Following her success in Japan, Rosemary was approached by Nitto Boseki Co Ltd to license ranges of her textiles and clothing which led her to move to Japan and work with innovative equipment and yarns. She developed the ‘I Spy’ range alongside Rosemary Moore RTW which was launched at Tokyo Fashion Week, and successfully retailed in the UK with Dickins & Jones and Liberty of London.

In the 1990s, Rosemary’s collaboration with textile manufacturing bases in the UK included partnerships with Du Pont’s research and development centre unit in Gloucester. She worked with Ace Style Inc, the suppliers of Calvin Klein Intimates which were developed on Santoni machines at a time when they were being introduced to the market. Here she could work with their new and innovative yarns and try them out with British manufacturers. During this time, Rosemary also invented the first seamless trainer prototype with Dunlop using new technology discovered while on her placement as a student at Courtaulds and which all top trainer brands use today.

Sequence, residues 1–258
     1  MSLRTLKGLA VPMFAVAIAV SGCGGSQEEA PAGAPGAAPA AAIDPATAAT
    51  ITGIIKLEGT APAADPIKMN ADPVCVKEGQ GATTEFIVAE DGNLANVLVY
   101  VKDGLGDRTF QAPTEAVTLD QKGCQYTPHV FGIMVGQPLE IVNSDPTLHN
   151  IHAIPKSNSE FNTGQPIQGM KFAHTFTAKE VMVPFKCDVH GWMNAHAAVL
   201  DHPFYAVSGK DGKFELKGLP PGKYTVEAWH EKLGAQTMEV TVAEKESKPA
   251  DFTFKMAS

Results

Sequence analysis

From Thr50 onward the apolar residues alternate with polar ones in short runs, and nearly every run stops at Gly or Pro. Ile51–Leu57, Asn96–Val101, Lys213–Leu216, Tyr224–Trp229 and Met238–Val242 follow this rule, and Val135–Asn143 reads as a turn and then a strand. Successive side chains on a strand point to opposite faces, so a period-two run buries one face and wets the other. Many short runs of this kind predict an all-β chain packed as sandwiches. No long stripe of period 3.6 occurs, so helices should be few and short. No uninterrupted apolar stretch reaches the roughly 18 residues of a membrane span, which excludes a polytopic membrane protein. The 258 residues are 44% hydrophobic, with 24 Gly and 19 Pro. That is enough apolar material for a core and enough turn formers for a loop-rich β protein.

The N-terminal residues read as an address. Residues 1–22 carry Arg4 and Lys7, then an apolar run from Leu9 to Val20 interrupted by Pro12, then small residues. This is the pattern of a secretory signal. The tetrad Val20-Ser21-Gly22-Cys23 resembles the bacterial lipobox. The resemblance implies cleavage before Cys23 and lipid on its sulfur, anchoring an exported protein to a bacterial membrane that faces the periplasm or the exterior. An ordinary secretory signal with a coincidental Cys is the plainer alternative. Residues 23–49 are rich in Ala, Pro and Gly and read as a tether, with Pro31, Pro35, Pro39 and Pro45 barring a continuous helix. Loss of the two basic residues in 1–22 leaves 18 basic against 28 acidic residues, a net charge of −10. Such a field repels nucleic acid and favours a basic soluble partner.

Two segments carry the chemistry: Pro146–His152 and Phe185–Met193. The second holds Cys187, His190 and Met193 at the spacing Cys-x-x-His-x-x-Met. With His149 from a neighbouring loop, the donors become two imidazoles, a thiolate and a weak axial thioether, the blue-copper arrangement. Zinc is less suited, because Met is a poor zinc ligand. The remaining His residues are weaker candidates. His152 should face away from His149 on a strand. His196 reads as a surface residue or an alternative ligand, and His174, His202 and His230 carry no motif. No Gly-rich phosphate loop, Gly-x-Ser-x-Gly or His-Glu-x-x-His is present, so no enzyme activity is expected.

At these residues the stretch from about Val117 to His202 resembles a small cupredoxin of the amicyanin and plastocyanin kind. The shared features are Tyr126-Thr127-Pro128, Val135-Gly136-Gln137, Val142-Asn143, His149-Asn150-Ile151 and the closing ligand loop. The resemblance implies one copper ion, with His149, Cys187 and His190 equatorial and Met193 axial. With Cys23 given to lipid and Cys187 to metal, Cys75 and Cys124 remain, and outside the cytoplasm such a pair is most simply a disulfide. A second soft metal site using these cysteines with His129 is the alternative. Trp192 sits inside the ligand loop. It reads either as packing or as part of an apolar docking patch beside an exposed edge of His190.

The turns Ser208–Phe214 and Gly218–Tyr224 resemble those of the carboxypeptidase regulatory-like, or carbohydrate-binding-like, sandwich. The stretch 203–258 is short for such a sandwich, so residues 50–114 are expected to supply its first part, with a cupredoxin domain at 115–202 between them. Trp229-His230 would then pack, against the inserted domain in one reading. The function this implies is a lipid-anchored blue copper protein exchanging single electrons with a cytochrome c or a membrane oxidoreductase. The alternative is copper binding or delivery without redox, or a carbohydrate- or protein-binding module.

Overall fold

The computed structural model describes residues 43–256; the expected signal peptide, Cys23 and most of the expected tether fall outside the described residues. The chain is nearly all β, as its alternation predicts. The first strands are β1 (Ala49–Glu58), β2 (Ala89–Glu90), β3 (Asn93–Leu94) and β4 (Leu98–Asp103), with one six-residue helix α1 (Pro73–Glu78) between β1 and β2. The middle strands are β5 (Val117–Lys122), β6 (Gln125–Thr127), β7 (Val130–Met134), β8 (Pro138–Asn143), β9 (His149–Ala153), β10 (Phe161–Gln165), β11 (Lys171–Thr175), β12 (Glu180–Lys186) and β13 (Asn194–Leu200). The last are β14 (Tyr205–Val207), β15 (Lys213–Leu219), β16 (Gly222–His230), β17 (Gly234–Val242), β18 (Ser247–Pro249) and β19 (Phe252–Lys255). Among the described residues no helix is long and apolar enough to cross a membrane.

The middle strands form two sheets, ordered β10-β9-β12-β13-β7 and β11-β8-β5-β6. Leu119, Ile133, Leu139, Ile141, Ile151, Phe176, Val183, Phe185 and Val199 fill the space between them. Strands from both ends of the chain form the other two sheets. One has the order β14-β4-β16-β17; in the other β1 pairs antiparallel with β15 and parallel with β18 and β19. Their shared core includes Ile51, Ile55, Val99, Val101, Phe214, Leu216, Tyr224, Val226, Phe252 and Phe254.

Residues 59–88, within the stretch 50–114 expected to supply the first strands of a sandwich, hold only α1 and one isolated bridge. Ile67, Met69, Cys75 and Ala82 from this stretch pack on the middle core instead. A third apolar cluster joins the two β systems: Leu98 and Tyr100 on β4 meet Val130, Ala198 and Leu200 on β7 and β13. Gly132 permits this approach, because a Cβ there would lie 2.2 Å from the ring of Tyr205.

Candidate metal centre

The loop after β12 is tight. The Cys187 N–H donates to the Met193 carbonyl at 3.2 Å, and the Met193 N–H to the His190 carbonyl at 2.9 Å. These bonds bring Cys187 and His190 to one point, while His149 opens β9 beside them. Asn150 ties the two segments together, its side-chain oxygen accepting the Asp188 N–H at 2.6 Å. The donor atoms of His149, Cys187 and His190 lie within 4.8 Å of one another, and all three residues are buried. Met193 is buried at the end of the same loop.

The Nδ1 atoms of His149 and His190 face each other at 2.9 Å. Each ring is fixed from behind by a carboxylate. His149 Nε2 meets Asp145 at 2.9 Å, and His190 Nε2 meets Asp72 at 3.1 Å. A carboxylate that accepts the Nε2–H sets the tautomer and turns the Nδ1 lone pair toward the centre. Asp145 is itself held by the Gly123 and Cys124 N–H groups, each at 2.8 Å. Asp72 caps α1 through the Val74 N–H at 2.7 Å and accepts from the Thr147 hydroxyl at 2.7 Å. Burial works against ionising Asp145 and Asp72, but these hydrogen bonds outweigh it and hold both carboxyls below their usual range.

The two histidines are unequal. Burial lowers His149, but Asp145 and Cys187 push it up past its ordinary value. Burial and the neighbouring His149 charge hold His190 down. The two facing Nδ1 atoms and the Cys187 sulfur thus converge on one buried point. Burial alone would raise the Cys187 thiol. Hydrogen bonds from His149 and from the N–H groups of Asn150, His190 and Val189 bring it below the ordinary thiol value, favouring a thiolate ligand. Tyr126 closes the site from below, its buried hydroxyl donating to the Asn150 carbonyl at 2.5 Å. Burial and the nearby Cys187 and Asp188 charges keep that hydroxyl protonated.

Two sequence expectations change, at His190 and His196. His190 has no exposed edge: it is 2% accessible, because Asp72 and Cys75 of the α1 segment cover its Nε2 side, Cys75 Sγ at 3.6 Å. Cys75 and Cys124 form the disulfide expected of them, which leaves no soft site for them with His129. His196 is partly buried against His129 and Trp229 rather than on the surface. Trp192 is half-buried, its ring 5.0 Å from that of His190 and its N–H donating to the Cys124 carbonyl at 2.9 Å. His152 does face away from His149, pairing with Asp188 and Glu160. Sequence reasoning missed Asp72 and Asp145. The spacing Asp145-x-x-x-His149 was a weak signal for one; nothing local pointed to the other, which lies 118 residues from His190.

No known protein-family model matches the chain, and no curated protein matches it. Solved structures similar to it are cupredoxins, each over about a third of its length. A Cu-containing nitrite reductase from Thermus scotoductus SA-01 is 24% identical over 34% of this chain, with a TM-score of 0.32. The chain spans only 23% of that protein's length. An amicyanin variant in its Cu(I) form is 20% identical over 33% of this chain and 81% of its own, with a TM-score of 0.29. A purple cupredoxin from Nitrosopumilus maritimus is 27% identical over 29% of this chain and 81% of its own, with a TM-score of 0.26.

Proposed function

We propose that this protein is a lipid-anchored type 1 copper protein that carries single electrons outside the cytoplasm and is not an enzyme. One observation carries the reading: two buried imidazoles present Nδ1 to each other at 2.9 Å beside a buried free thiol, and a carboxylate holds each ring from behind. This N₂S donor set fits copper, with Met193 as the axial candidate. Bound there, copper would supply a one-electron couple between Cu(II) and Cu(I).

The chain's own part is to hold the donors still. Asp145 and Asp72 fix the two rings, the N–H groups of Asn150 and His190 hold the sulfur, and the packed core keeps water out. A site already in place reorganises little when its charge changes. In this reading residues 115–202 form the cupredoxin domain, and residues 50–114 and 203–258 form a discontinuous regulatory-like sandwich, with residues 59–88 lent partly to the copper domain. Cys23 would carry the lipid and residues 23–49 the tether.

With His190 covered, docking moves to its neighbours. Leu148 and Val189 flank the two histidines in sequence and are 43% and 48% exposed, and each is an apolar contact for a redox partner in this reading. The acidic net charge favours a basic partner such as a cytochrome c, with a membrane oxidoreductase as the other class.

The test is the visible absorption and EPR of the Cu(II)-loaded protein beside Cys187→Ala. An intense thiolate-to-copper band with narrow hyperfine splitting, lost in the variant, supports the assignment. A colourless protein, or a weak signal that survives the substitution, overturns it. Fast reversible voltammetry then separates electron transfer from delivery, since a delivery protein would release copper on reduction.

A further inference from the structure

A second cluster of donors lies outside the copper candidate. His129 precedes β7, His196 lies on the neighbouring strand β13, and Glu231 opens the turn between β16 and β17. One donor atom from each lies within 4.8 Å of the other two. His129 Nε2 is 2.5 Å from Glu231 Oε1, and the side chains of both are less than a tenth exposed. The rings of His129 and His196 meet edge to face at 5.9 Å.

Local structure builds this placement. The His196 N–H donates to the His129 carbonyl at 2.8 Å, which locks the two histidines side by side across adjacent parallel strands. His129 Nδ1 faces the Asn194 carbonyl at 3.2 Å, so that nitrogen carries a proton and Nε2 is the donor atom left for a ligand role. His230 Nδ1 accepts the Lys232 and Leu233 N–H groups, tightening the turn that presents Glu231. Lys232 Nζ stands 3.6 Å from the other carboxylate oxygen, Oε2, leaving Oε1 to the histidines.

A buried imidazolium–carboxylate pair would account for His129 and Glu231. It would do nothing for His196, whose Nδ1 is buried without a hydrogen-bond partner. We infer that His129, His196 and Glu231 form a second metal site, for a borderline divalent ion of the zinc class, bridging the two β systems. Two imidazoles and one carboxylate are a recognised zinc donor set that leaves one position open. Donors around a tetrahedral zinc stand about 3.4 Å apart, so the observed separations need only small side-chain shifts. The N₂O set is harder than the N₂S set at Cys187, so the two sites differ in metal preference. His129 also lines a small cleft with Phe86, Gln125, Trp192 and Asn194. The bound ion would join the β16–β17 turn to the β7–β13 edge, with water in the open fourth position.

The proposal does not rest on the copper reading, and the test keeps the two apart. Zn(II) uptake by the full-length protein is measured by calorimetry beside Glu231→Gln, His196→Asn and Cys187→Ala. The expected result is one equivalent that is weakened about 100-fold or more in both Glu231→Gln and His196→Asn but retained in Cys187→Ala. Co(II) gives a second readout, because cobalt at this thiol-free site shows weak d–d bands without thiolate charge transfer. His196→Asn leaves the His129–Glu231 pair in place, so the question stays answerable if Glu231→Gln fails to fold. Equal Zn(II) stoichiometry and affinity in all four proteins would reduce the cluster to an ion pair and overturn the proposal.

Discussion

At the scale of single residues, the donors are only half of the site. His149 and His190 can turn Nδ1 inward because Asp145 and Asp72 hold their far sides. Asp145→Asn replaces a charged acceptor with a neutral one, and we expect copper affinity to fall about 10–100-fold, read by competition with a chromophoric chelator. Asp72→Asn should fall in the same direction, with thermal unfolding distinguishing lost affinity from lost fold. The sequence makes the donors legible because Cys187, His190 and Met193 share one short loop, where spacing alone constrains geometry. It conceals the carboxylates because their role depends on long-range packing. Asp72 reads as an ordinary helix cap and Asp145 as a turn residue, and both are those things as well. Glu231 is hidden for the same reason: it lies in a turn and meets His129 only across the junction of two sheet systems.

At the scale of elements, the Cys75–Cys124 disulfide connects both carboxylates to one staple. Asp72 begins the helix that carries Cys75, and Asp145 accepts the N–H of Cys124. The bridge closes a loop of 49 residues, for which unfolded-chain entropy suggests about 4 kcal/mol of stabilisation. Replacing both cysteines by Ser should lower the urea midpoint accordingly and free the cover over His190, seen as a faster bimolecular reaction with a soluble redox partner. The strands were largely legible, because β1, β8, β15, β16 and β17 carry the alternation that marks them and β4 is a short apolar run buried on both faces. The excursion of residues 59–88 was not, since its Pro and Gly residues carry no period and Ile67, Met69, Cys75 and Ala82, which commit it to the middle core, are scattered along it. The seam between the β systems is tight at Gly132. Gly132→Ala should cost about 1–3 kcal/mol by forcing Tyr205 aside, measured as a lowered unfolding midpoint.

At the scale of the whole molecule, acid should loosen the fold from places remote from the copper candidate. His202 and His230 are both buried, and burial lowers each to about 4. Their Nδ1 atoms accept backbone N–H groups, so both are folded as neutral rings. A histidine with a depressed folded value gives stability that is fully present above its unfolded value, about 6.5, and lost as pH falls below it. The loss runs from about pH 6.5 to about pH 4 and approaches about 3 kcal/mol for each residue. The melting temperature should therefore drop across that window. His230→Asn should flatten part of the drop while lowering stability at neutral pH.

By the 1990’s Maxxam had shifted from being used in bodycon designs to swimwear. In 1995, Rosemary introduced the Stowaway fold-up collection which included swimwear, day and evening wear with each piece meticulously designed to effectively fold up into its own integral pocket, making it ideal for packing and travelling. It was soon stocked in House of Fraser, Fenwick, and Selfridges.

After moving on from collaborations with Hunza G, Maxxam crinkle fabric now has a successful creative partnership with Australian swimwear brand, Bond-Eye spanning 10 years, and online-exclusive label, Youswim. Steve Philpott, the creative force behind Bond Eye, meticulously shapes entire collections using the distinctive MAXXAM® crinkle stretch fabric.

Youswim. © Maxxam Textiles
Youswim. © Maxxam Textiles

This innovative choice delivers one-sized swimwear that has resonated with women globally, including the likes of Lady Gaga, Kim Kardashians, Rita Ora, Daisy Lowe, Bella Hadid, Rihanna, and Miley Cyrus.

Although swimwear is the most popular end use today, the sheer versatility of the fabric means there are infinite uses.